Optalysys Raises $4 Million to Break Bottlenecks in Genomic Research and Big Data Analysis
GLASSHOUGHTON, WEST YORKSHIRE, United Kingdom and RENO, Nev., Sept. 20, 2017 — Optalysys Ltd. (@Optalysys), a start-up pioneering the development of light-speed optical coprocessors, today announced the company raised 3.95 million U.S. dollars / 3.05 million British pounds from undisclosed angel investors. Optalysys will use the funds to manufacture the first commercially available high-performance computing (HPC) processor based on its patented optical processing technology.
“In many industries today, the demand for faster processing far exceeds the capabilities of conventional computing technology,” said Dr. Nick New, CEO of Optalysys. “Until now, only large universities and organizations have had the means to use this kind of computing muscle. Our aim is to make supercomputing levels of processing power accessible to a much wider audience of scientists and researchers – which will promote more rapid advancement in such fields as precision medicine and machine learning, whilst addressing some of the fundamental limitations of conventional computing.”
Because its coprocessor excels at rapid and accurate pattern recognition (required for Big Data processing) and mathematical model generation applications, genomic sequence alignment is the first of many application areas targeted by Optalysys.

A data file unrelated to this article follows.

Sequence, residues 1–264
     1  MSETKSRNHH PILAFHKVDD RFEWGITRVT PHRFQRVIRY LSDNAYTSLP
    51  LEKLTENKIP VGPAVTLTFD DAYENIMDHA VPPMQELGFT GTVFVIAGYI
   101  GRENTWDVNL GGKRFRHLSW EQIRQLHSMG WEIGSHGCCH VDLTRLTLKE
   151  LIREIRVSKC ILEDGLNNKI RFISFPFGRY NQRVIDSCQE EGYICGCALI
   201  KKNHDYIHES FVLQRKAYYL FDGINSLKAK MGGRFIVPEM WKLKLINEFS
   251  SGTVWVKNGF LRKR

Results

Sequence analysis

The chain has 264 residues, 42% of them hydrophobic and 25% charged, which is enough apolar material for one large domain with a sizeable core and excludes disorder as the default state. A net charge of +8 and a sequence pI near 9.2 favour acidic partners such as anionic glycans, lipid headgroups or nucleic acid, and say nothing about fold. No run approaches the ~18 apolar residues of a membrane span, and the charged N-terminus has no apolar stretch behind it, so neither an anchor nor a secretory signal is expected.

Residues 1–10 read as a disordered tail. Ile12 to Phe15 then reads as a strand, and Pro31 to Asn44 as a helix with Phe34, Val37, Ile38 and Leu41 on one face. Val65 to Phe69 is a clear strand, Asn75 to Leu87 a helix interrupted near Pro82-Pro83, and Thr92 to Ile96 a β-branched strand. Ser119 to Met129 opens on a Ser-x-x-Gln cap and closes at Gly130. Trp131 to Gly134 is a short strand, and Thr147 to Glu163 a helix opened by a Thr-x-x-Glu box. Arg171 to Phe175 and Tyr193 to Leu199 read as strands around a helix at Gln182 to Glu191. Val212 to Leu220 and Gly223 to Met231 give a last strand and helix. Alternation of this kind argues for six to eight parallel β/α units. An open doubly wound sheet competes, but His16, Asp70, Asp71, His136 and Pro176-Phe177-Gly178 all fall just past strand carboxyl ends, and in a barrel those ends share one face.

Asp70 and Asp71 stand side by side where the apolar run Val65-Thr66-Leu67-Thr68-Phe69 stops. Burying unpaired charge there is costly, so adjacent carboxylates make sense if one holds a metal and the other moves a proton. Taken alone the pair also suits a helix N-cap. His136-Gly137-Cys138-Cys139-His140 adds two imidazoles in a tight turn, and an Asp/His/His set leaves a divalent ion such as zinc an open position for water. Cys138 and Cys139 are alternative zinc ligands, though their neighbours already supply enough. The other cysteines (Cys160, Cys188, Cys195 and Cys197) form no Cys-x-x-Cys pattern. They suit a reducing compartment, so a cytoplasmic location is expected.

On Aug. 31, Optalysys demonstrated the latest prototype for genomic searching at the Genome 10k/Genome Science conference held in Norwich, U.K. Optalysys partner, The Earlham Institute (EI), presented sequence alignment results that were produced using the Optalysys prototype.
“Our prototype is on track to achieve game-changing improvements to process times over current methods whilst providing high levels of accuracy that are associated with the best software processes,” said Emma Blaylock, director, chief commercial officer at Optalysys.
Optalysys is developing optical HPC systems with the potential to exceed what can be achieved with electronics at a fraction of the cost and energy consumption. Its coprocessor is based on an established diffractive optical approach that uses low-power laser light in place of electricity for processing. This inherently parallel method enables increased processing capacity that is highly scalable.